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Ms. Morgenstern and her publisher face fierce competition in the industry’s ongoing search for the next big crossover fantasy book. “The Night Circus” has elements of Harry Potter (magic), “Twilight” (forbidden romance) and the postapocalyptic young-adult trilogy “The Hunger Games” (a high-stakes competition). But it lacks key features that helped make those books major franchises. Ms. Morgenstern wrote it as a stand-alone novel rather than the start of a series. And while publishers and booksellers are pitching it to fans of young-adult fiction, it’s an adult title that will be stocked in the general fiction section, which could limit its exposure among younger readers.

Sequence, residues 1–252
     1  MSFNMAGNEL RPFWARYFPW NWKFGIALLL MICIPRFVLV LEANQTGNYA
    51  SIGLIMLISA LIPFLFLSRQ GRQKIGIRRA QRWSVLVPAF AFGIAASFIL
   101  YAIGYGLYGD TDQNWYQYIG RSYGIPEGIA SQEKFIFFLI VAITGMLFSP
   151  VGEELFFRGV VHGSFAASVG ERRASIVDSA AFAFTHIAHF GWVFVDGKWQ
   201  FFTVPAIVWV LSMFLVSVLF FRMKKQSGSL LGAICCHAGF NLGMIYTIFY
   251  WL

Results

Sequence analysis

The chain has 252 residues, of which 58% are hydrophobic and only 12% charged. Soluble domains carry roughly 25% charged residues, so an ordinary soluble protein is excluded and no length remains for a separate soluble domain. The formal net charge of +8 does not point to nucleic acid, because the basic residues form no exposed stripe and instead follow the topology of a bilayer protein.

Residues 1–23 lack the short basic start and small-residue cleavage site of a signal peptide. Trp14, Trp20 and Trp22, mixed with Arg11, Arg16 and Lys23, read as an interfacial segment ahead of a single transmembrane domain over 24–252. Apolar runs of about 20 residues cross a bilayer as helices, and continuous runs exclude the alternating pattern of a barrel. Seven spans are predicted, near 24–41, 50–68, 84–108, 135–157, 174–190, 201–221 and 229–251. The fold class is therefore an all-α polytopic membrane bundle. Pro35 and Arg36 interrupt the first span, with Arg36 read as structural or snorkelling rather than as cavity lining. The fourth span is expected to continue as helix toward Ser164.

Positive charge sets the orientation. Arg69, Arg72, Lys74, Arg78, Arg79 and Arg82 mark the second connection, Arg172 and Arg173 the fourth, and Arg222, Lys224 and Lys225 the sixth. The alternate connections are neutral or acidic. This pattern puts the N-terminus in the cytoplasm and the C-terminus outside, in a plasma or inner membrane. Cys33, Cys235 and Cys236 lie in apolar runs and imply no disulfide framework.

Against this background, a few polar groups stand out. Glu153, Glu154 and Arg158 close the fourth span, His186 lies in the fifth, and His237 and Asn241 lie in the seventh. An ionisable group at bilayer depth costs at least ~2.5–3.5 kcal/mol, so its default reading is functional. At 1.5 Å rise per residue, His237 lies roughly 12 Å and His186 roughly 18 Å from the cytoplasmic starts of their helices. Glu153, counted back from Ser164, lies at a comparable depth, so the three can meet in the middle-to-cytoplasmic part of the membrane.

It’s landing in a crowded marketplace. Publishers are shelling out big advances for debut novels that promise to lure young adults and adults alike and reach fans of literary and commercial fiction.
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The frenzied search comes at a tumultuous moment in publishing, with Borders bookstores closing around the country. In the digital era, splashy book releases have become crucial to publishers’ and bookstores’ bottom lines—so much so that Barnes & Noble executives regularly referred to Harry Potter releases in quarterly earnings calls to explain dips and spikes in sales. With the massive success of the series—more than 450 million copies have sold globally—publishers and booksellers began to treat books more like movies, with viral marketing campaigns that begin months in advance, and elaborate themed events.
“Harry Potter taught publishers how to make event publishing resemble event-film releases,” says literary agent Eric Simonoff.